It was about 09:45 the next morning, October 7th, and not two hours after Michael and Christine had been sent home to rest up to prepare for the next part of the exorcism, that a police patrol car passing through the normally quiet streets of Osset came upon a shocking and un-nerving sight.

Coming around a corner, the officer in the car, PC Ian Walker, was confronted by the sight of a man stumbling around in the middle of the street, naked, and covered head to toe in blood. His body was slicked with it. Stopping the car and approaching the man, PC Walker saw the man curl into the foetal position, and heard him ranting and screaming over and over:


Unsurprisingly, this had attracted a crowd of onlookers, some of which knew the disturbed man.

It was Michael Taylor.

The police officers who had approached the man immediately called for an ambulance, fearing that Michael had hurt himself or someone else, and tried his best to talk to and calm Michael, who was still screaming and senseless, ranting only about Satan. He continued screaming as the ambulance from the local hospital arrived and he was placed into it and taken away. The crowd of onlookers who had crowded around the ambulance now told the police that the deranged maniac was Michael Taylor, and gave the officer his address, to which the patrol car then went to.

PC Walker, upon arrival at the Taylor house, was surprised and perhaps apprehensive to find a police car there already, which he later found out had been summoned for by frightened neighbours who had heard a commotion. PC Walker approached the house but was stopped by the sight of his Inspector emerging from the front door, bending over, and vomiting.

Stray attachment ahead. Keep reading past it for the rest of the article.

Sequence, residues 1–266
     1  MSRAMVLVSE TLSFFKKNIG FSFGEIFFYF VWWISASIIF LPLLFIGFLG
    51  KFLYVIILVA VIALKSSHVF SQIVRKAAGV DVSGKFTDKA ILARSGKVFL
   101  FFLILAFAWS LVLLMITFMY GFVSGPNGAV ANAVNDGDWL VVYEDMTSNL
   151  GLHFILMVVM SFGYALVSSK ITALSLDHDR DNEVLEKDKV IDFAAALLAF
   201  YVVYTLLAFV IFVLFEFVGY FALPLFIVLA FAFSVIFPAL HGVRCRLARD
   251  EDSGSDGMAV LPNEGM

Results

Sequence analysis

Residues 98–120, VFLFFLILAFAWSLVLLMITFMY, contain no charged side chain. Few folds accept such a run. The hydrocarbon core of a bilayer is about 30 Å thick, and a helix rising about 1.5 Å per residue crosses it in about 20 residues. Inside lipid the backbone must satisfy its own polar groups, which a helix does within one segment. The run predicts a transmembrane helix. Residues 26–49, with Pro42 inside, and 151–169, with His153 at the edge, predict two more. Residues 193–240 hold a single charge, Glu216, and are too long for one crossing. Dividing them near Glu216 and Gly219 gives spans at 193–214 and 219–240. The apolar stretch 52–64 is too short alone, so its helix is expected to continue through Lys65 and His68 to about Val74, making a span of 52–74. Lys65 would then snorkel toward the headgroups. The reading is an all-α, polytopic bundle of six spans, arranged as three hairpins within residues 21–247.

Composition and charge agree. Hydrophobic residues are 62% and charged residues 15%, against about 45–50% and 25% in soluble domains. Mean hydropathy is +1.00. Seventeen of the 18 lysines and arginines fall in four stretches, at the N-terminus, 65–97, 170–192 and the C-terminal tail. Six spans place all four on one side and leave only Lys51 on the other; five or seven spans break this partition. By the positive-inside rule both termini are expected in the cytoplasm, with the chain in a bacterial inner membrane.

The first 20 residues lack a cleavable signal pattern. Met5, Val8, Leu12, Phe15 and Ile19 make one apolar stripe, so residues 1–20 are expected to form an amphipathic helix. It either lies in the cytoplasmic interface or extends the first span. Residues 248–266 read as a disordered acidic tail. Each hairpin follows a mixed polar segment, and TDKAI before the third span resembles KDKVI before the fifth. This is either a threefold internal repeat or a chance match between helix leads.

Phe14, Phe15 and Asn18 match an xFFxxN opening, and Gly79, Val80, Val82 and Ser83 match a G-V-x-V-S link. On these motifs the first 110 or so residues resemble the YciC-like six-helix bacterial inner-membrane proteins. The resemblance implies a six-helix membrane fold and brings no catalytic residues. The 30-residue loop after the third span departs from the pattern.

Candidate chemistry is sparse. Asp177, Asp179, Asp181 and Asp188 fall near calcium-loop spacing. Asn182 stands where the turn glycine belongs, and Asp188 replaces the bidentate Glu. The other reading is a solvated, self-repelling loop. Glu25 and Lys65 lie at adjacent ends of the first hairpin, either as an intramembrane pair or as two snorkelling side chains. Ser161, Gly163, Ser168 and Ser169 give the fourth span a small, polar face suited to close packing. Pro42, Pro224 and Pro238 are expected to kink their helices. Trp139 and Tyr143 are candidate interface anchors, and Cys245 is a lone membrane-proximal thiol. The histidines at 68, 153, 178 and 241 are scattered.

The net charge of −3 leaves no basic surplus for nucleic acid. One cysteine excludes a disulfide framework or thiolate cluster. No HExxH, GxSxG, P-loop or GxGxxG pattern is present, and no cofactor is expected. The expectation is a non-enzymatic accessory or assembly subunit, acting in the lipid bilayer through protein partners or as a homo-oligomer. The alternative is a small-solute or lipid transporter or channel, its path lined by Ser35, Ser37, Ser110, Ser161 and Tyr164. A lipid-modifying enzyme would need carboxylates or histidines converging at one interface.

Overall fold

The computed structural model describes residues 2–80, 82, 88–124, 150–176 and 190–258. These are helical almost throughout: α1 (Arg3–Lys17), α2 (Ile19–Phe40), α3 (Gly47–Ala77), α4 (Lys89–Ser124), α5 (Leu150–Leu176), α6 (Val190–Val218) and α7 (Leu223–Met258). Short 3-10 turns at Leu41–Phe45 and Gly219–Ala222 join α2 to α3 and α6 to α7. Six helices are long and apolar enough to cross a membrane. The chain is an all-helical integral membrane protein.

“You don’t want to see this one son. I’ve seen nothing like it before and I’ve seen a few. It’s the wife. She’s got no…He’s ripped at her son. It’s a right mess in there. There’s not much of her left. You don’t want to see it, eh?”

Feeling that he had go in, PC Walker stepped into the Taylor house and was to see exactly what his shook his inspector had meant.

The interior of the front room was destroyed, with signs of destruction apparent even from a cursory look. Blood covered every surface of the room, along with flesh, pulp and brain matter, and on the floor of the living room lay the bodies of Christine Taylor and the family pet dog, almost unrecognisable. The blood that had covered Michael Taylor was Christine’s blood. At about 09:30 that morning, in the Taylor family home, Michael had killed his wife Christine, the woman that that he loved and the mother of his children.


In a maniacal and deranged attack, Michael had stripped off and strangled Christine, and had literally torn off her face. There was no murder weapon involved – He had gouged out her eyes and ripped out her tongue with his bare hands, tearing the rest of her face down to the bone, so much so that she was left unrecognisable. Whilst Christine had died of shock and asphyxiation on her own blood – mercifully quickly – Michael had turned his attentions to the Taylor pet dog, strangling it and literally ripping it limb from limb. He had torn its legs from their sockets, and hair and teeth and eyes from the skull. He then left the house screaming, and was found by PC Walker a short time later.

It was described as being the most horrific crime scene that any police officer who had attended it was ever to see

Michael was taken into police custody from the hospital, and when interviewed some hours later – when he was deemed rational to talk, he was asked to try to explain what had happened: He told Detective Inspector Brian Smith about the exorcism that had occurred only hours before, saying:

“It was a long night. They danced around me and burned my cross because that was tainted with the evil. They had me in the church all night. Look at my hands. I was banging on the floor. The power was in me. I couldn’t get rid of it and neither could they. They were too late. I was compelled by a force within me to destroy everything living within the house”

Although Michael claimed he could remember nothing of the actual murder, claiming to deeply love his wife, when asked by DI Smith how he felt, Michael replied:

“Released. I am released. It is done. The evil in her has been destroyed.”